What a great weekend getting win number three for CORE autosport in Kansas!
For me it started on Thursday with a hospital visit for the Austin Hatcher Foundation. I’ve done quite a few hospital visits in my career and they’re always a little bit sad, because you know these kids are sick and you never want to see anybody in that position.
But on the other hand, it’s inspiring to see their attitudes and their approach to life. It makes you thankful for what you have and certainly gives you perspective.
My favorite part was building superfast Pinewood Derby cars with the kids. Team Colin was killing it, I had 3 great kids on my team, all with identical cars! I’m like the CORE autosport of Pinewood Derby cars.
I’d raced the oval at Kansas before in my NASCAR days, but never the road course. For me, if you look at Kansas on paper, it looks really simple and easy with essentially four corners, but I learned never to judge a book by its cover.
After a couple runs in the car, I realized that it’s a lot more technical and there’s a lot of nuances about being fast there that I didn’t expect. It’s amazing the small things you can do there to find speed.
It was kind of a cool area too with a lot of stuff to do outside the track. I even went over to the casino to kill some time on Thursday night. I put a $1 bill in the penny slot machine and four pulls later I get the mega jackpot and won 4800 pennies, so I was pretty stoked about that!
When we were doing our track walk on Thursday, we started talking about a spotter helping us with traffic and we all sort of looked at each other and realized we didn’t have a spotter! Luckily, my dad was already at the track anyway and volunteered to spot for us. He did a really good job up there.
He’s had experience; he was a spotter for us at Laguna Seca and throughout my NASCAR career he’s listened along to a lot of the top spotters. He was a great helping hand to have.
Jon was in Rock Hill watching his son graduate high school and couldn’t make it to the track until qualifying, so I did all the practice sessions.
Thankfully it’s always seemed like Jon and I want the same setup on our race cars. When I’m happy, he’s happy and vice versa. That makes it easy to set our race car up; it’s a strength that we have as a team, we strive for the same things in the car and we don’t have to compromise.
Having the race split into two parts was very unusual for the TUDOR series, but that’s what had to be done to combine us with IMSA Lites since they don’t pit.
Our race team will always try to adapt and execute any given format the Series throws at us, but me personally, I think we’re an endurance sportscar series and so the format felt out of character. I think some aspects of the event were a bit challenging for the teams and fans to wrap their heads around.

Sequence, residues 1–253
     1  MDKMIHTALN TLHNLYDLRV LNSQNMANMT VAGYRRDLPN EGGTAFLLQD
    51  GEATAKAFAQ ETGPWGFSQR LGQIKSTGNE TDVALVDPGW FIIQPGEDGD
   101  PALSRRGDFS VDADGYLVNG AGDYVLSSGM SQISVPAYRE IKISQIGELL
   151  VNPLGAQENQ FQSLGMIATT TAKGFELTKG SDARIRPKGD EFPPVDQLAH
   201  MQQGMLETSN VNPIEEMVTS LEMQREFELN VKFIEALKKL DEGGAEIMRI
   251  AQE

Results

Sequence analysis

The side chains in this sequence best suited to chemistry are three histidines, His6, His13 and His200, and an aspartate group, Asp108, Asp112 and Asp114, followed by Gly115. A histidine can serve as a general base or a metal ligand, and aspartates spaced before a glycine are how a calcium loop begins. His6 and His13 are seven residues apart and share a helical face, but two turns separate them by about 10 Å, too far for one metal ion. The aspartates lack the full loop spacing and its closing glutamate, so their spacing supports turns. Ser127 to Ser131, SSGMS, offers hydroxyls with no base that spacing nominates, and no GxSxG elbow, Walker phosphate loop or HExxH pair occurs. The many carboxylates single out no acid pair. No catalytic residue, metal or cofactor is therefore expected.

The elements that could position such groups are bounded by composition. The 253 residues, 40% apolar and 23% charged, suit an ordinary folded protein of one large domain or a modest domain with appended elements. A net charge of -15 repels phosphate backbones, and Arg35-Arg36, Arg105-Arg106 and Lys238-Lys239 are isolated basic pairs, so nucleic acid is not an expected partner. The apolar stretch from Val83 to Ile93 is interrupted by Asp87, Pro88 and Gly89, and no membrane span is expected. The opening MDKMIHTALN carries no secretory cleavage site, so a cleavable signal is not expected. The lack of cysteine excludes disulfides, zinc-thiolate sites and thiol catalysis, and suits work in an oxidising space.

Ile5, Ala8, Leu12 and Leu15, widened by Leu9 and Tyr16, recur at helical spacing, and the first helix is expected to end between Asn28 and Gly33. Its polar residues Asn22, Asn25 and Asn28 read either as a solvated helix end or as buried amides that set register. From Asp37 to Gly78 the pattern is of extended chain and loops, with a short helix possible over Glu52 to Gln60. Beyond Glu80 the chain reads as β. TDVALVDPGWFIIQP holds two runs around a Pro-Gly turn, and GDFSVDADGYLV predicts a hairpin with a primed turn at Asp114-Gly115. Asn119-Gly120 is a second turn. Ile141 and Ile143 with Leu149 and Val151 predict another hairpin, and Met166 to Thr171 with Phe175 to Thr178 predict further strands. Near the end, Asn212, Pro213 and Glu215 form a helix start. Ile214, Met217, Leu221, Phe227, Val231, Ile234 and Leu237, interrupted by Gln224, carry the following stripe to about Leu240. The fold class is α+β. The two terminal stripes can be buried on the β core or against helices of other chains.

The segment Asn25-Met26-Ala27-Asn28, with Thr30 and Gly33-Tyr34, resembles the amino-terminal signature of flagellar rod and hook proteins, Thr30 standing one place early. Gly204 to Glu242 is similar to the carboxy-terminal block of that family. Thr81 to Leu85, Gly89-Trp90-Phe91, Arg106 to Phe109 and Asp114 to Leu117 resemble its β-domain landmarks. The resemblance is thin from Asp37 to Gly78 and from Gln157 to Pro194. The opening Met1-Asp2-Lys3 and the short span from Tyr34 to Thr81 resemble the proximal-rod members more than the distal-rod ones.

During Jon’s race, I went up to the spotter’s stand and was able to really see how the whole race played out. I watched how the PC cars raced with the IMSA Lites cars and got an idea about the flow of the race.
I wanted to see how the restarts went, when the guys were accelerating on starts and restarts, where guys were going two-wide, where good passing opportunities were, how the Lites cars were letting the PC cars go in traffic, things like that. I just watched and filed it in my memory bank.
Now normally, Jon and I only pass each other going in and out of the car during a driver change, so there’s not much time to chat. This time we essentially had a four-hour driver change between the two race segments. We talked, left the track, got something to eat, came back and watched some racing and then I got in the car.
We talked about how his race went and what sort of things that he picked up and learned. It really helped me put together a plan as to what I thought would happen in our portion of the race. You really can’t plan a race, but in my segment at Kansas it seemed to work!
You know, we came out of the Laguna race still pretty positive. Things didn’t go the way we wanted them to go, but Jon was fast and I was fast. We did our best not to let that get us down.
I believe one of the signs of a championship-winning race team is how you rebound from bad results, so to come back from Laguna and lead every practice and win the race in Kansas shows what kind of team CORE autosport is.
We’re all looking forward to six hours of racing at The Glen.